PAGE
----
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Keoughs donate $30 million for new building

By PAUL KIM | Friday, November 1, 2013


Donald and Marilyn Keough recently donated $30 million to underwrite the construction costs for a new building that will house four international studies institutes, the University stated in a press release Oct. 18.

The building will be named Jenkins Hall in honor of University President Fr. John Jenkins. It will house the Keough-Naughton Institute for Irish Studies and the Liu Institute for Asia and Asian Studies. The hall will also provide additional spaces for the Helen Kellogg Institute for International Studies and the Kroc Institute for International Peace Studies, the release stated. 

“This wonderful gift is the most recent instance of Don and Mickie Keough’s tremendous generosity to Notre Dame,” Jenkins said in the press release. “I am truly humbled by their request to name this magnificent addition to our campus in my honor and grateful beyond words for their gift. … This extraordinary gift will inspire us to become a more global University, bringing the world to Notre Dame and Notre Dame to the world.”

Jenkins Hall will be constructed adjacent to Nanovic Hall, which is also to be built, the release stated. Together the halls will occupy 170,000 square feet. According to the release, the two-year construction is expected to be completed by the 2017-18 academic year.

In addition to the Keoughs’ donation, a $5 million contribution to finance construction has been made by the Kellogg and Kroc Institutes, Paolo Carozza, director of the Kellogg Institute, said. 

“By being in a new space that unites other institutes, we’re really hoping that it’s going to generate all sorts of new synergies and opportunities to collaborate because right now we’re spread out in different parts of the campus,” Carozza said. 

There has been a proposal to found a school for international affairs, acting director of the Liu Institute Nelson Mark said. He said this school could also use the new space in Jenkins Hall and be near international institutes.

“It just makes sense for international institutes and people in that school [for international affairs] to be near each other,” Mark said.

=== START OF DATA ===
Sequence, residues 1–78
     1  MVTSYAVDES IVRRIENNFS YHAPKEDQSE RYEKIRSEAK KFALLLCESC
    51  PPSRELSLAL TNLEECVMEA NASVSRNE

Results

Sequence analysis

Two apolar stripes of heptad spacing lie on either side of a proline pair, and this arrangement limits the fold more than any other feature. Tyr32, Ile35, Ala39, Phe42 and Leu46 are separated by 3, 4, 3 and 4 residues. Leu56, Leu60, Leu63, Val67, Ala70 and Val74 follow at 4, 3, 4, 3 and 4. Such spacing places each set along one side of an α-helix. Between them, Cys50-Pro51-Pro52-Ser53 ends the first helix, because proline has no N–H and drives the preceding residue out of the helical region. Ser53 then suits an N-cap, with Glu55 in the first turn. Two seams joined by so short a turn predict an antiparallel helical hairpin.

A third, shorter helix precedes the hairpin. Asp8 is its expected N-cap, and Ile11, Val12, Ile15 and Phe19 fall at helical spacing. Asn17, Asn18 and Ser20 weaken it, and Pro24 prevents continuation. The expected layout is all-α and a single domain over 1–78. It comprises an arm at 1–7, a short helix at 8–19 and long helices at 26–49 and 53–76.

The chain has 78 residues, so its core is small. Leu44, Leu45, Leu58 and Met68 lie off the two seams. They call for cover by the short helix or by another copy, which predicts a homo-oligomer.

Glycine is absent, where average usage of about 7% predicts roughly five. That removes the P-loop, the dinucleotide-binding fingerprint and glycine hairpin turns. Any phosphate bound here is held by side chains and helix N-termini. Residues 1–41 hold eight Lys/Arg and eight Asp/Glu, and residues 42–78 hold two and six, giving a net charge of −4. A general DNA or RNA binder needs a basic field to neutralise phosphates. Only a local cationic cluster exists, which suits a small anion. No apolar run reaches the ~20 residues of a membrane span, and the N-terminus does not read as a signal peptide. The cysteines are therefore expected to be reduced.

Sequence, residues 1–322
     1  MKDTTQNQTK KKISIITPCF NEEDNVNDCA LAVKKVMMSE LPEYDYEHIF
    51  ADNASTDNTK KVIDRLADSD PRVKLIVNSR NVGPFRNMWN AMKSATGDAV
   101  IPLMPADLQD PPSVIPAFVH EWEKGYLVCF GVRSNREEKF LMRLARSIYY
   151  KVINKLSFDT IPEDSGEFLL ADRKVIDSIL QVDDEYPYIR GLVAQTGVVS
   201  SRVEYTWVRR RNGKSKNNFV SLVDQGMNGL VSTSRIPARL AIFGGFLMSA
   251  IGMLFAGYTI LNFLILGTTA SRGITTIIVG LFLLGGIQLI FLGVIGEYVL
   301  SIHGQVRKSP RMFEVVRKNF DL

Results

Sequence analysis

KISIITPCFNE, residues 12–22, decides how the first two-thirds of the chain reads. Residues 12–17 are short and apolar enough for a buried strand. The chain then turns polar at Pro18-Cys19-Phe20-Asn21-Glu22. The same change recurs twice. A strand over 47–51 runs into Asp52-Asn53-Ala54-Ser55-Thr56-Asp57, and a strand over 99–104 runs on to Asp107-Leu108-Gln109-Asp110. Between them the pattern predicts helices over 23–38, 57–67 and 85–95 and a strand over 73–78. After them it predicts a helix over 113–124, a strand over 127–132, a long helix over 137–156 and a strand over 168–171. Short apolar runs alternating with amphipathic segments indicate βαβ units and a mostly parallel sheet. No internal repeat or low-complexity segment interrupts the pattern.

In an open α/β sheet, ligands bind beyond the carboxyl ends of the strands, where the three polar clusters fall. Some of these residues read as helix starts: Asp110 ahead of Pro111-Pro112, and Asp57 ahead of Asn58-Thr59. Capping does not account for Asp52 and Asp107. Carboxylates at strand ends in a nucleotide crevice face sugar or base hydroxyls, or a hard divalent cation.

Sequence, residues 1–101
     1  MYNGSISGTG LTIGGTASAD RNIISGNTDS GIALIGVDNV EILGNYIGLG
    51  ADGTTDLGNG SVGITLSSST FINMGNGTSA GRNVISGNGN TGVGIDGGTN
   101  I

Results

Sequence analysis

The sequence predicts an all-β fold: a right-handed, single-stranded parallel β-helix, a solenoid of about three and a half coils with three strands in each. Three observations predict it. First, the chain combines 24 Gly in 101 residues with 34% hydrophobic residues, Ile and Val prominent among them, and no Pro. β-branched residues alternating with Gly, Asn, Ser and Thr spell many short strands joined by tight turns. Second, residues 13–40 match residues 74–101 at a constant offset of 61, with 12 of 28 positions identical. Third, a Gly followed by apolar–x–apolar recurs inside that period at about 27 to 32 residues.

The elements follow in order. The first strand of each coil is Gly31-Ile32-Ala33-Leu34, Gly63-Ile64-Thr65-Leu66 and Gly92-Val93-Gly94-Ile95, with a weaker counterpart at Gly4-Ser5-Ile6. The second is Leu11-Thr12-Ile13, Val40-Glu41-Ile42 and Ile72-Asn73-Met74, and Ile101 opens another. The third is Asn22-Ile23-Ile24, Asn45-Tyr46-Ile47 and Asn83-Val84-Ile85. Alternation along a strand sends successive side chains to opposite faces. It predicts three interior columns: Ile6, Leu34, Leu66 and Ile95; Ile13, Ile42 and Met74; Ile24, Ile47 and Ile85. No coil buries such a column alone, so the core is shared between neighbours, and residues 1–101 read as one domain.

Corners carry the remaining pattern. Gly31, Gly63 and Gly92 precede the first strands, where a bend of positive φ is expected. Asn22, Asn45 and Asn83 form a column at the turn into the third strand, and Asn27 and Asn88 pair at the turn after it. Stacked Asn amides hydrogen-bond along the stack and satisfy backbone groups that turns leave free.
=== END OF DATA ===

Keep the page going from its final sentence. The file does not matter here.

Currently, the Liu Institute is located in McKenna Hall and is confined by space, Mark said. He expects the new space will be hugely beneficial for the institute.

“It’s going to unleash all the potential,” Mark said. “The space constraint is just one of the constraints on the resources on what we can do effectively. Having a physical space is just one piece of the puzzle, but it’s a very important piece.”

In the past, Mark said the institute has requested spaces for staff, faculty and visitors, as well as for conference rooms and a gathering room for students pursuing Asian Studies.

Similarly, Keough-Naughton Institute director Christopher Fox said the new space will be crucial to the expansion of the institute, which had begun with just two faculty members and now has 23 full-time and 10 visiting faculty.

“We, as an institute, have outgrown our space,” Fox said. “We teach hundreds of students, we have many graduate students, we have many visiting faculty coming in – we have a lot of things happening. It’s gotten to the point now where this is really the next move for this institute.”

Fox said the building will give the institute a better environment for speakers. 

“Just almost every week, we have major speakers,” he said. “The room here we have is right next to the elevators. It’s not a very good place for people to speak. The new building would give us better space for those kind of things.”

The Keoughs have previously contributed to other parts of Notre Dame, including the Keough-Naughton Institute, Malloy Hall and Keough Hall.

“Our family has been blessed in many ways, and that certainly includes the blessing of our longtime association with this great University,” Donald Keough said in the press release. “We believe in the power of Notre Dame to be a force for good in the world, and we know that the research and teaching that will be accomplished in this new facility will contribute to that end. We’re especially pleased that the building will bear the name of [University President Fr. John Jenkins], who has made the continued internationalization of the University a top priority.”

Carozza said the Keoughs’ donation fosters a unique opportunity for Notre Dame.

“It’s pretty amazing to be at a place like Notre Dame where the benefactors of the University are so generous, so plentiful and so committed of the future of the place,” he said. “A project like this shows what a special place Notre Dame is.”

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